... was done before the murder. The housekeeper's keys were also found on the stairs. Opening the door to procure assistance, Lowes observed a woman on the doorstep, screening herself apparently from the rain, which was falling heavily at the time. She moved off as soon as the door was opened, saying, in answer to the request for assistance, "Oh! dear, no; I can't come in!" The gas over the door had been lighted as usual at eight o'clock, but was now out, although not turned off at the meter. The evidence taken by the coroner showed ...
— Old and New London - Volume I • Walter Thornbury

... perplexing problems determines in a great degree the worth of a man to his employer, in addition to establishing his reputation as a skilled workman. The question is frequently asked, "How can I profitably employ myself in spare time?" It would seem that a watchmaker could do no better than to carefully study matters horological, striving constantly to attain a greater degree of perfection, for by so doing his earning capacity will undoubtedly ...
— Watch and Clock Escapements • Anonymous

... watched Phillis anxiously; for she saw that the girl was restless and ill at ease. The thoughtful gray eyes had a shadow in them. The bright spirits were quenched, and only kindled by a great effort; and, as the time for their leaving the Friary grew closer day by day, until the last week approached, she flagged more, and ...
— Not Like Other Girls • Rosa N. Carey

... schoolmaster's wife and daughter. Her father was Dr. John Aikin, D.D.; her mother was Miss Jane Jennings, of a good Northamptonshire family—scholastic also. Dr. Aikin brought his wife home to Knibworth, in Leicestershire, where he opened a school which became very successful in time. Mrs. Barbauld, their eldest child, was born here in 1743, and was christened Anna Laetitia, after some lady of high degree belonging to her mother's family. Two or three years later came a son. It was a quiet home, deep hidden in the secluded rural place; and the little household ...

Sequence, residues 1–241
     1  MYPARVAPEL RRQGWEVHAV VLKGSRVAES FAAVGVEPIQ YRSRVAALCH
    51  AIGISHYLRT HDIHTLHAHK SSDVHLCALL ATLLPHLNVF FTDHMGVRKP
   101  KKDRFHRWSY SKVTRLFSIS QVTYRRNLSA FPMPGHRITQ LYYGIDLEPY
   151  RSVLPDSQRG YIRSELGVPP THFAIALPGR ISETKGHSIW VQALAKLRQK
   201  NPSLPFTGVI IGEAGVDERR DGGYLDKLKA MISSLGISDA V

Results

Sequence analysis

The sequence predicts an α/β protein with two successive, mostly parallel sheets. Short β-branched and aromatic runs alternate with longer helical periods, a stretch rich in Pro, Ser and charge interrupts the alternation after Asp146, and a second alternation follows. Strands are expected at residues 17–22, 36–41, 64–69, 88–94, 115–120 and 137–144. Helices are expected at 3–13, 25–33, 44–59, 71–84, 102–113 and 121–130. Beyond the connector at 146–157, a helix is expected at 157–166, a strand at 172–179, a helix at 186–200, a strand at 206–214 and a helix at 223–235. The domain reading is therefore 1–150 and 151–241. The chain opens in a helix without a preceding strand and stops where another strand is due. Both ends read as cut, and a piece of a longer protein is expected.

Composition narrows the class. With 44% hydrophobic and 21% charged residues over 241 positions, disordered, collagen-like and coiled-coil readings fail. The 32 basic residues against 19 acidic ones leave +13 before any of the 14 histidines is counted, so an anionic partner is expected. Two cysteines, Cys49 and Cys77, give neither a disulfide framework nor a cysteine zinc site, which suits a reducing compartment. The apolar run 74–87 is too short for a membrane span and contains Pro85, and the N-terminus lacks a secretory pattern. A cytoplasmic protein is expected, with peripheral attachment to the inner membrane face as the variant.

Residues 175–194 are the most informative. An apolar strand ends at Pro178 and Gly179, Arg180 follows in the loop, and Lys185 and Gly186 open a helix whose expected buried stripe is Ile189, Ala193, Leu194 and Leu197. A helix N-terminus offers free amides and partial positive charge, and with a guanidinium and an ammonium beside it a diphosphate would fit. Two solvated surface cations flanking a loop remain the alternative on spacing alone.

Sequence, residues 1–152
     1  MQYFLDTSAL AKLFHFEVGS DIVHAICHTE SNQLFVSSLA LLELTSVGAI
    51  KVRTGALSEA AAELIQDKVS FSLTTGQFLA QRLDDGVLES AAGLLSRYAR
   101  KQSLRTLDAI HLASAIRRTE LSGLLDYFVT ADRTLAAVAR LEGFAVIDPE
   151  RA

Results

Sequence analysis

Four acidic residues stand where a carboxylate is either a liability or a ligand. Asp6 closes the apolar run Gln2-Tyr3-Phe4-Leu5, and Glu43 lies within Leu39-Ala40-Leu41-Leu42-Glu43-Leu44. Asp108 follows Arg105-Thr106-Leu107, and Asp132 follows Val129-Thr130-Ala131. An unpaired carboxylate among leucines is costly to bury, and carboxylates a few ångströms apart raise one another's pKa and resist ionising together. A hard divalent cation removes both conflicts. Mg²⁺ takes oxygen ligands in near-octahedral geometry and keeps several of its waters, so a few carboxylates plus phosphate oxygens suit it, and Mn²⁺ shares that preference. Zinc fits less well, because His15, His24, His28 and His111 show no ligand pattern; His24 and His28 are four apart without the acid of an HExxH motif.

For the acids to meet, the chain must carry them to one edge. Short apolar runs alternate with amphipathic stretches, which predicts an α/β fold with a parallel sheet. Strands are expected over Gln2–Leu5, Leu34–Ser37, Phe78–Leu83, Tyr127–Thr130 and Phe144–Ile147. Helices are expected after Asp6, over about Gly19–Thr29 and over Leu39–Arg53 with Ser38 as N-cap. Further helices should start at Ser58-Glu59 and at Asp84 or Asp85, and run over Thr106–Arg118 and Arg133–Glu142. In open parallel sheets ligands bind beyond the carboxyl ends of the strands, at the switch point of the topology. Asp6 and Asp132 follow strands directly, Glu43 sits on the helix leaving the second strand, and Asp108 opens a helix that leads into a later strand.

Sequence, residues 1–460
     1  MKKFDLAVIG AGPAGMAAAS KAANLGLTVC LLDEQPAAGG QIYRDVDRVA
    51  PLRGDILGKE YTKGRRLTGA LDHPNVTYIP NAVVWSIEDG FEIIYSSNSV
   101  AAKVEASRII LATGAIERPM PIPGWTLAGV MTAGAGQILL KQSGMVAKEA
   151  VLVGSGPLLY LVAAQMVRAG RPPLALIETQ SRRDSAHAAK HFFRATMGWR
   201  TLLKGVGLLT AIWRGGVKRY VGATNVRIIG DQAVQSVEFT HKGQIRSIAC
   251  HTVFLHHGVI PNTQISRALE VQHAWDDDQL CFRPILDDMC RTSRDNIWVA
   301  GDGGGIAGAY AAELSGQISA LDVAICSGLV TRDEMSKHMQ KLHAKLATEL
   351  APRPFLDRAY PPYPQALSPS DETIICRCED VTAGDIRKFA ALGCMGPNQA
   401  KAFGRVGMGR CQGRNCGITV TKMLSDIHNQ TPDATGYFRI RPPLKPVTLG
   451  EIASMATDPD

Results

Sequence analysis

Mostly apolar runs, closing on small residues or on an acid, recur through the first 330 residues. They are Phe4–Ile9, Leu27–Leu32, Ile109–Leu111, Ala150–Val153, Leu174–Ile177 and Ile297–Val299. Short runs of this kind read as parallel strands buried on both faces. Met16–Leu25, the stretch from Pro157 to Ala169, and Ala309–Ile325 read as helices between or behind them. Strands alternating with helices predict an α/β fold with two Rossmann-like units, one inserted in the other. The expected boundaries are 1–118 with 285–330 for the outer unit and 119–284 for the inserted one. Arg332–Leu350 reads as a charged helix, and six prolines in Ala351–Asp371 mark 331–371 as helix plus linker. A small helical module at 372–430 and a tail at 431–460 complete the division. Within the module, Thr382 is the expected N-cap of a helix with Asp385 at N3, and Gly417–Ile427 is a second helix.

— A Book of Sibyls - Miss Barbauld, Miss Edgeworth, Mrs Opie, Miss Austen • Anne Thackeray (Mrs. Richmond Ritchie)

... myself on not being one of these susceptible: If you study the electric light with which I supply you in that Bumbledonian public capacity of mine over which you make merry from time to time, you will find that your house contains a great quantity of highly susceptible copper wire which gorges itself with electricity and gives you no light whatever. But here and there occurs ...
— Man And Superman • George Bernard Shaw

... faculty, and are capable of being taught. I, myself, have succeeded in teaching a toad to hop over a stick at the word of command. Again, I taught two chameleons to take certain positions and to retain them at feeding time. These little creatures remembered their lesson, and at my whistle would "line up" on the particular book that I had designated as their dining-table. We have seen that fleas are capable of being highly educated, hence it is reasonable to presume ...
— The Dawn of Reason - or, Mental Traits in the Lower Animals • James Weir

... camp. According to the Cypria this was the behest of Zeus, who had compassion on the Trojans: according to the Iliad, Apollo was the originating cause, from anxiety to avenge the injury which his priest Chryses had endured from Agamemnon. For a considerable time, the combats of the Greeks against Troy were conducted without their best warrior, and severe, indeed, was the humiliation which they underwent in consequence. How the remaining Grecian chiefs vainly strove to make amends for ...